On extremely rare occasions, however, a neutrino does in fact interact with matter when it happens to bump into an atom as it passes through - the Greenland ice sheet, for instance. Such rare collisions produce an avalanche of secondary particles, many of which are electrically charged, unlike the neutrino. This cascade of charged secondary particles emits radio waves that can be picked up by the antennas.

"The advantage of using radio waves is that ice is fairly transparent to them," explains DESY physicist Christoph Welling, who is currently in Greenland as part of the project team. "This means we can detect radio signals over distances of several kilometres." The greater the range, the larger the volume of ice that can be monitored, and the greater the chances of detecting one of the rare neutrino collisions. "RNO-G will be the first large-scale radio neutrino detector," says Welling. Previous smaller-scale experiments had already shown that it is possible to use radio waves to detect cosmic particles.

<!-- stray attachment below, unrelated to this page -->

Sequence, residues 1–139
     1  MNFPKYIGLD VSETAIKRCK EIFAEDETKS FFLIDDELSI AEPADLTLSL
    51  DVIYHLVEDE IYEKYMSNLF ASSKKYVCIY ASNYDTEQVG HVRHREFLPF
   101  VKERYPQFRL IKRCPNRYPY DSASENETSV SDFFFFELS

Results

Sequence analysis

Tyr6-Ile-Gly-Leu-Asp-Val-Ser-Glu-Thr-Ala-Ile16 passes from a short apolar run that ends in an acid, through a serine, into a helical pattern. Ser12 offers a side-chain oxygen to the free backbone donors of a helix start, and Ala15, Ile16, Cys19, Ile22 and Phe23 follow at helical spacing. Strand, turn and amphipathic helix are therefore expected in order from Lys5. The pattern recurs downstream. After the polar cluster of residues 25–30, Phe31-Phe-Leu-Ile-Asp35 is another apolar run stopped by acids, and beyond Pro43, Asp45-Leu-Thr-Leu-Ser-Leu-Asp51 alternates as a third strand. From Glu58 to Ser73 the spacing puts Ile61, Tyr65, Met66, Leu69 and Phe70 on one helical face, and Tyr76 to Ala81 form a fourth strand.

Overall, the scientists plan to install 35 antenna stations, each 1.25 kilometres apart, around Summit Station on the mighty Greenland ice sheet. Nevertheless, it could take months or even years before the observatory records a signal. "Neutrino research calls for patience," explains Nelles. "Capturing high-energy neutrinos is an incredibly rare event. But when you do catch one, it reveals an enormous amount of information." The researchers are also already thinking ahead to the next step, because the next radio neutrino observatory is planned literally at the other end of the world, augmenting the IceCube neutrino telescope at the South Pole.